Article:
We are delighted that Greg Skidmore has taken over as our musical director. After a highly successful Carol service at Christmas, we are planning a regular evening choral service. We begin with a choral evensong at 6pm on February 2nd, to celebrate Candlemas.
The Second Coming” by W B Yeats.
and turning in the widening gyre
The falcon cannot hear the falconer;
Things fall apart; the centre cannot hold;
Mere anarchy is loosed upon the world,
The blood-dimmed tide is loosed, and everywhere
The ceremony of innocence is drowned;
The best lack all conviction, while the worst
Are full of passionate intensity.
Surely some revelation is at hand;
Surely the Second Coming is at hand.
The Second Coming! Hardly are those words out
When a vast image out of Spiritus Mundi
Troubles my sight: a waste of desert sand;
A shape with lion body and the head of a man,
A gaze blank and pitiless as the sun,
Is moving its slow thighs, while all about it
Wind shadows of the indignant desert birds.
darkness drops again but now I know
That twenty centuries of stony sleep
Were vexed to nightmare by a rocking cradle,
And what rough beast, its hour come round at last,
Slouches towards Bethlehem to be born?
The Wise Men and the Star – U. A. Fanthorpe
place for stars is in the sky
lighting the whole world, but negotiating only
with the highly qualified – master mariners, astro-physicists,
professionals like ourselves.
This one came unscheduled, nudged us roughly
out of routine, led us a wild-goose chase,
and perching here, above unspeakable rafters,
common as a starling on a washing line,
whistles to every callow Dick and Harry,
idling amazed around : OK, pals, I’ve done my bit.
Over to you, now, Earth.
The Journey of the Magi. By T S Eliot
A cold coming we had of it,
Just the worst time of the year
For a journey, and such a long journey:
The ways deep and the weather sharp,
The very dead of winter.’
And the camels galled, sorefooted, refractory,
Lying down in the melting snow.
There were times we regretted
The summer palaces on slopes, the terraces,
And the silken girls bringing sherbet.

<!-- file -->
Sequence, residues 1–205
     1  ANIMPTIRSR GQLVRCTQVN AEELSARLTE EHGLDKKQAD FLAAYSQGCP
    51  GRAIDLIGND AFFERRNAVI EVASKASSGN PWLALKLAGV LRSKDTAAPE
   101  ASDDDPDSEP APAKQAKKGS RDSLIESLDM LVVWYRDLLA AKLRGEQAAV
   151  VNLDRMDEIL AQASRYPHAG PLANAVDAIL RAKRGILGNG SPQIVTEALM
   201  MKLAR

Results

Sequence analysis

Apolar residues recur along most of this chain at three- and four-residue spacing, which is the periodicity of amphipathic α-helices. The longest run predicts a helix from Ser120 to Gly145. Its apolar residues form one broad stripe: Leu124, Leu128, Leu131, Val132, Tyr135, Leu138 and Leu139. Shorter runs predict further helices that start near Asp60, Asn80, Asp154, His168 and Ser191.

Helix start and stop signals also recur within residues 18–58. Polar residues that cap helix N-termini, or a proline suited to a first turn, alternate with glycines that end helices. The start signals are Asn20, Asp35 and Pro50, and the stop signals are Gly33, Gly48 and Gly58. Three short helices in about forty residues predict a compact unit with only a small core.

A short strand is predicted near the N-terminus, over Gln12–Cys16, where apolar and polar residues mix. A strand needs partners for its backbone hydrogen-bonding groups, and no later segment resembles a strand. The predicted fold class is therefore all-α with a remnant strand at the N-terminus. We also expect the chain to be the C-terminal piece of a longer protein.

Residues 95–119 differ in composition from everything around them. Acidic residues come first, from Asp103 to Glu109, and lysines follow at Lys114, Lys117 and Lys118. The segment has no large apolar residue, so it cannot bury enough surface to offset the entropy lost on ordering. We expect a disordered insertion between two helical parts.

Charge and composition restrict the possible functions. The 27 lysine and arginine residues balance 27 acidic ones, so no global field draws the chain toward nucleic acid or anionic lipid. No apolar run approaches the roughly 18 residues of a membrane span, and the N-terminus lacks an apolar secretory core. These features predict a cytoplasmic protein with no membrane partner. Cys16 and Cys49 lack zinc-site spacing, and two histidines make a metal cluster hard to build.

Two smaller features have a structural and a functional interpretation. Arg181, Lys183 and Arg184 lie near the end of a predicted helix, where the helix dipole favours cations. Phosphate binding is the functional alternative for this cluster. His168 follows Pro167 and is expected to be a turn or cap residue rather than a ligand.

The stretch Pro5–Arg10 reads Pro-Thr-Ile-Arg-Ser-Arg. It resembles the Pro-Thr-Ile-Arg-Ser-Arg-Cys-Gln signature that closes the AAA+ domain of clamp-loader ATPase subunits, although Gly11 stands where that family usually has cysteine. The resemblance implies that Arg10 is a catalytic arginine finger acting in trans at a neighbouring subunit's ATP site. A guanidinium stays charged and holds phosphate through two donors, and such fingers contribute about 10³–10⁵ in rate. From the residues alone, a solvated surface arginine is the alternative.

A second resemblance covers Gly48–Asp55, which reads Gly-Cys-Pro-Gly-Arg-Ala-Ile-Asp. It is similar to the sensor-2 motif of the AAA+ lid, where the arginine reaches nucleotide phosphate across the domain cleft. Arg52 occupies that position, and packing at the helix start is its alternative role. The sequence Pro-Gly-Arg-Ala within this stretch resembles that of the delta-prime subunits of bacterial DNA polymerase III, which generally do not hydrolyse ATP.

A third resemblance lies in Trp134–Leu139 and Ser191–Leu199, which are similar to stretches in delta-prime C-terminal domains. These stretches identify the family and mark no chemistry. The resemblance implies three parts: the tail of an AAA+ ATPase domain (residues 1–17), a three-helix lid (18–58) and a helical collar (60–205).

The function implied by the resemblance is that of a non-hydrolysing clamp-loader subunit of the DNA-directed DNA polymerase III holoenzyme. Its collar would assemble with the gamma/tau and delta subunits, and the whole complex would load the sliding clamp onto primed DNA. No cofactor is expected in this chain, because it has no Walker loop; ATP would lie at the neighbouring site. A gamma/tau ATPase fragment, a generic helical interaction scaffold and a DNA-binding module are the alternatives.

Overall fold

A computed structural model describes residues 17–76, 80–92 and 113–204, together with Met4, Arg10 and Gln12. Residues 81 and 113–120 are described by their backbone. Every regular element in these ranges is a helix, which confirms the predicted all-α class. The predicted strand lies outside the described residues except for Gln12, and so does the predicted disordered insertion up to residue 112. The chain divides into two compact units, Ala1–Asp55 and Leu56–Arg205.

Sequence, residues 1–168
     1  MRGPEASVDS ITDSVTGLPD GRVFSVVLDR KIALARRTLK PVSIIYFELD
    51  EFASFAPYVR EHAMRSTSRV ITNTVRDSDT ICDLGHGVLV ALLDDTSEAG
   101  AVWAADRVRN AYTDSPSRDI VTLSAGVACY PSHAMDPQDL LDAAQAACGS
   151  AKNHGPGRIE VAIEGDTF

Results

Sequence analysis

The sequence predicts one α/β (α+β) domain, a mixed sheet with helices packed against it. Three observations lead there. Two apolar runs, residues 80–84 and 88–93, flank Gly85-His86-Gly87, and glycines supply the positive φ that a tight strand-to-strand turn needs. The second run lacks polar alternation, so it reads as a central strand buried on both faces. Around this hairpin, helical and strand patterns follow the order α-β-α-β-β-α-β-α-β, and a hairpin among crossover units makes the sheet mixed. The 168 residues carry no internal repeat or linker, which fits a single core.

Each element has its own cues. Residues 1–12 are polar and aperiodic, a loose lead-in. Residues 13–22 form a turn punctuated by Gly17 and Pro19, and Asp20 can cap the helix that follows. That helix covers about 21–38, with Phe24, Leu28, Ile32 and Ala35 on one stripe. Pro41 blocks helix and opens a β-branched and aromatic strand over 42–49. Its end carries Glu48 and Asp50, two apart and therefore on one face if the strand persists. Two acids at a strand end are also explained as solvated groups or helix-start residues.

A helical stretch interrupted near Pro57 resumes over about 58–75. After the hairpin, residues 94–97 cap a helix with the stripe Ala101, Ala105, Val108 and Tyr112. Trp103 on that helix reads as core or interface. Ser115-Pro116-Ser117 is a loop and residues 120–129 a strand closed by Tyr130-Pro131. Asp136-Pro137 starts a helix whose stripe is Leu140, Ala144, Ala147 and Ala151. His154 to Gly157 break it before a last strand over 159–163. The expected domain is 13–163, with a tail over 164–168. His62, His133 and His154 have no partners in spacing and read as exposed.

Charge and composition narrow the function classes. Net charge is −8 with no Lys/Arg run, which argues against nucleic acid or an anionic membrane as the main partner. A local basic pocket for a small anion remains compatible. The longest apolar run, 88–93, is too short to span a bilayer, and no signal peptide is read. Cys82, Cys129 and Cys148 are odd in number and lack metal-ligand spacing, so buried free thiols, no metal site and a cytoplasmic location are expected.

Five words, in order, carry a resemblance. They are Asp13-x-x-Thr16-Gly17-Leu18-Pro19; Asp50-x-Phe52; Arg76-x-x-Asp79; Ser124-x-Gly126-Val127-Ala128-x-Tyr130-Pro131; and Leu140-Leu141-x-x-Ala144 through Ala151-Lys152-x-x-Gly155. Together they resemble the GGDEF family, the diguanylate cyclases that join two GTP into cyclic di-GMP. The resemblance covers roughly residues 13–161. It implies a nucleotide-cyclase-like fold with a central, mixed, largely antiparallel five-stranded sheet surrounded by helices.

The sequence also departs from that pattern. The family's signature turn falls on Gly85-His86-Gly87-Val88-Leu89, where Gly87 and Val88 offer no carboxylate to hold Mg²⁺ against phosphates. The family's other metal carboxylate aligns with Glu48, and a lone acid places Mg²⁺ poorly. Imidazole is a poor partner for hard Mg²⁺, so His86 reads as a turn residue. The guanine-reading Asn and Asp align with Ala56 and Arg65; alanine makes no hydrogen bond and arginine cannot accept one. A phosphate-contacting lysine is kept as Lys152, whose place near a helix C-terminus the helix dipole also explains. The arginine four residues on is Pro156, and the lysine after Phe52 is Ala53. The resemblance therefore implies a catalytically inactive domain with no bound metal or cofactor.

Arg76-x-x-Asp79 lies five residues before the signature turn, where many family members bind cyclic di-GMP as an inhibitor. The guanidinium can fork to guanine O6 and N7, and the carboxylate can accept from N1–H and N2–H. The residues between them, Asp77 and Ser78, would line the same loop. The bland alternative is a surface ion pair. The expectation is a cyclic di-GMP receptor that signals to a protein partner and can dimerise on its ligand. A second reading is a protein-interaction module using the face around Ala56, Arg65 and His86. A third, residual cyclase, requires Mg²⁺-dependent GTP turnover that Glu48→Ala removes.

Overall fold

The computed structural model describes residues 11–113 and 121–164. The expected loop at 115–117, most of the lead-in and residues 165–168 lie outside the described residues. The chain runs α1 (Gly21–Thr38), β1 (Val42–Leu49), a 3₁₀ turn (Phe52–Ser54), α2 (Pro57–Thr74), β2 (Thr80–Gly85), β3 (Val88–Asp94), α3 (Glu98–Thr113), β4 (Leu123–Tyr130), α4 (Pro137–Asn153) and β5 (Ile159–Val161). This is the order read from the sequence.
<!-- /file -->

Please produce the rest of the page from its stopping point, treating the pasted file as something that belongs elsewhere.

Then the camel men cursing and grumbling
and running away, and wanting their liquor and women,
And the night-fires going out, and the lack of shelters,
And the cities hostile and the towns unfriendly
And the villages dirty and charging high prices:
A hard time we had of it.
At the end we preferred to travel all night,
Sleeping in snatches,
With the voices singing in our ears, saying
That this was all folly.
Then at dawn we came down to a temperate valley,
Wet, below the snow line, smelling of vegetation;
With a running stream and a water-mill beating the darkness,
And three trees on the low sky,
And an old white horse galloped away in the meadow.
Then we came to a tavern with vine-leaves over the lintel,
Six hands at an open door dicing for pieces of silver,
And feet kicking the empty wine-skins.
But there was no information, and so we continued
And arriving at evening, not a moment too soon
Finding the place; it was (you might say) satisfactory.
All this was a long time ago, I remember,
And I would do it again, but set down
This set down
This: were we led all that way for
Birth or Death? There was a Birth, certainly
We had evidence and no doubt. I had seen birth and death,
But had thought they were different; this Birth was
Hard and bitter agony for us, like Death, our death.
We returned to our places, these Kingdoms,
But no longer at ease here, in the old dispensation,
With an alien people clutching their gods.
I should be glad of another death.